They call her little Martina. She has a racket bag full of tournament victories and is represented by the powerful International Management Group. She is, for better or worse, the future of tennis. She is 12 years old.
While 36-year-old Martina Navratilova was reaching the Wimbledon semifinals last week, her 12-year-old namesake, Martina Hingis, was making similar progress through the Wimbledon junior tournament. Playing on grass for the first time, Hingis reached the semis in the 18-and-under division.
Martina, tennis's latest child prodigy, wields her racket with the force and pace of an adult and regularly mows down players five and six years older than she. At Wimbledon she was finally stopped by 17-year-old Rita Grande of Italy 6-2, 7-6, A month earlier Hingis had become the youngest winner of the French Open junior title, surpassing Jennifer Capriati, who won at Roland Garros at 13 in 1989.
Martina is a sprightly all-court player with a two-handed backhand, a laser forehand and tennis in her genes. She was born in Kosice, Czechoslovakia, but her parents divorced when she was six, and she moved to Switzerland the following year with her mother and coach, Melanie Hingis-Zogg, who married a Swiss businessman. (Melanie, a top-25 Czech player in the 1970s, named her daughter after Navratilova.) They live in the village of Trübbach, near the Swiss border with Liechtenstein.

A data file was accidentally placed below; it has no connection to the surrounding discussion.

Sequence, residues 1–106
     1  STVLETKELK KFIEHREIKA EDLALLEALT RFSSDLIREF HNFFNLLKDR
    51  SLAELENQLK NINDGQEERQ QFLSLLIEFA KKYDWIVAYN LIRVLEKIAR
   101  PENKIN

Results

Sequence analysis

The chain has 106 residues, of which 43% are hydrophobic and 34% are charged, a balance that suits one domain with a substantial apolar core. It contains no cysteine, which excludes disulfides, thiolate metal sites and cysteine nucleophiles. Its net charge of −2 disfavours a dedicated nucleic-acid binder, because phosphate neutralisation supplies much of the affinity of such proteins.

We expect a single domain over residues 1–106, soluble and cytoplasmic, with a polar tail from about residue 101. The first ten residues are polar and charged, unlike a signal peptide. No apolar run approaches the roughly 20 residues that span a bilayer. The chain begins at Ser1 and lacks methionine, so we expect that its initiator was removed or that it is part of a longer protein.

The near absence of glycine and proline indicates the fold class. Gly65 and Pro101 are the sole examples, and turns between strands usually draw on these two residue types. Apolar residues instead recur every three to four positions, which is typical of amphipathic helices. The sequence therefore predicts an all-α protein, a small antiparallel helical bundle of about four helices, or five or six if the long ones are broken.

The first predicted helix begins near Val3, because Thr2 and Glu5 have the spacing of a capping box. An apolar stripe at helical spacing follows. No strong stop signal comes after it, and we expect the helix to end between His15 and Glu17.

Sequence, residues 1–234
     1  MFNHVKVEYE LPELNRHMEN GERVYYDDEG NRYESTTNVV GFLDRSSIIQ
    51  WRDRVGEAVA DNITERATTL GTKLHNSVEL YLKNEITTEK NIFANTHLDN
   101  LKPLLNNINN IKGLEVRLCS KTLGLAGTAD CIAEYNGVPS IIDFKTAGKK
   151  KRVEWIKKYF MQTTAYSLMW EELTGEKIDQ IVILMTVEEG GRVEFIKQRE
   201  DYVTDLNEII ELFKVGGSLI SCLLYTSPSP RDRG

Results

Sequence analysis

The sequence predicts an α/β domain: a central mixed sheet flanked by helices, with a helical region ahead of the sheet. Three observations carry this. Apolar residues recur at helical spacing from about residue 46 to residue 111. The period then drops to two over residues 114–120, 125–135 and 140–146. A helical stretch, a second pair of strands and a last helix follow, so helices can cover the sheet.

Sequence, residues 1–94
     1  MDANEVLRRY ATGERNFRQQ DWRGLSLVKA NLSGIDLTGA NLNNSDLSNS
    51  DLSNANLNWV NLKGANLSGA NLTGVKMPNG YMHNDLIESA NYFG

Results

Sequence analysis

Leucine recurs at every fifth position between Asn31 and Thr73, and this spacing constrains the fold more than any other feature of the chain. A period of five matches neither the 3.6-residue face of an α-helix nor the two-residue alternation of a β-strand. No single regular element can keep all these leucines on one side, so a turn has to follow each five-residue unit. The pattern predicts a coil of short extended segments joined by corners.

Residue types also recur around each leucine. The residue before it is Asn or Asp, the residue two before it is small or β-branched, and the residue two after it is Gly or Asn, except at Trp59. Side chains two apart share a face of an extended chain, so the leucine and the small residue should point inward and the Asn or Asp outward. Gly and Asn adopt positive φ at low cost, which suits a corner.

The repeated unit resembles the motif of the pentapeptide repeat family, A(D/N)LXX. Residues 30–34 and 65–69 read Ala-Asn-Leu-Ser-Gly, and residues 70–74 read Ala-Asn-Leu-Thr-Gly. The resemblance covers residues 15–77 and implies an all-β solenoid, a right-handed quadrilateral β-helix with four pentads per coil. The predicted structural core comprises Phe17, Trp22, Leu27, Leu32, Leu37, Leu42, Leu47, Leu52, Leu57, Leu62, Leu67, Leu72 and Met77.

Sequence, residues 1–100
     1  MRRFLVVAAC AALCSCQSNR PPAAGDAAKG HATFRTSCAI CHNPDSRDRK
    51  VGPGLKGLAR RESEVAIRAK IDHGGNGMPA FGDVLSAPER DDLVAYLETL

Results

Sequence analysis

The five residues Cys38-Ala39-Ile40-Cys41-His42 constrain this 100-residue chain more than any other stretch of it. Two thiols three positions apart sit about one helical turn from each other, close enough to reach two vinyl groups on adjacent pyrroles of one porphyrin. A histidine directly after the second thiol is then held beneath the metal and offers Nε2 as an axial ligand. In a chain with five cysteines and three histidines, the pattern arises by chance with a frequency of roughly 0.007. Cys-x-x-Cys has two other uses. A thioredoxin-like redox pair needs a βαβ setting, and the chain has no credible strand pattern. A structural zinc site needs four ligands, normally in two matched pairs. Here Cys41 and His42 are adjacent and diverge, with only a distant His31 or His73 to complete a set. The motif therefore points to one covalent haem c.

Although Martina has no endorsement contracts yet, Sergio Tacchini has outfitted her since she was eight, and another company, V‚Äö√†√∂‚Äö√†√álkl, provides her with free rackets. Her family also drives an Opel, courtesy of the carmaker. Paid endorsements seem likely soon, now that she has a five-year deal with IMG.
But there are some who view Martina's rapid advancement with more alarm than pleasure, and one of them is Navratilova, who is not particularly happy with her namesake's rapid progress. In fact, she is downright disapproving. Navratilova has not yet seen Little Martina play because she doesn't believe that her namesake should be playing at the world-class level this soon. "It's just too bloody early," Navratilova said at Wimbledon. She went on to cite numerous examples of immature tennis players and gymnasts who have broken down under the pressures to perform. "I wouldn't put my 12-year-old child through it," Navratilova said. "This is an adult world, and at 12 years old it's damn difficult to handle. It's too soon. It's too much pressure."
There is plenty of evidence to suggest that Navratilova is right. Capriati was granted special permission to turn pro just before her 14th birthday. She was then forced to go through a painful adolescence in the glare of the public spotlight. Now, at 17, Capriati acknowledges that she may have started too early. Tracy Austin was nine when she won her first junior title. She went on to win two U.S. Open championships as a teenager, but by 20 she was effectively finished after suffering a succession of injuries. Andrea Jaeger reached the Wimbledon final in 1983 at 18 but was off the circuit the following year, ailing both physically and emotionally.
So far Martina Hingis seems to live a relatively normal existence. She doesn't practice more than two hours a day and is an avid horseback rider and skier and a straight-A student. And she certainly has a mind of her own. Asked about Navratilova's comments, she said on German television, "I don't judge her, why should she judge me? I don't think she's too old to play. Why should she say I'm too young?"
A strong performance by a Wimbledon wunderkind was not hailed by her namesake.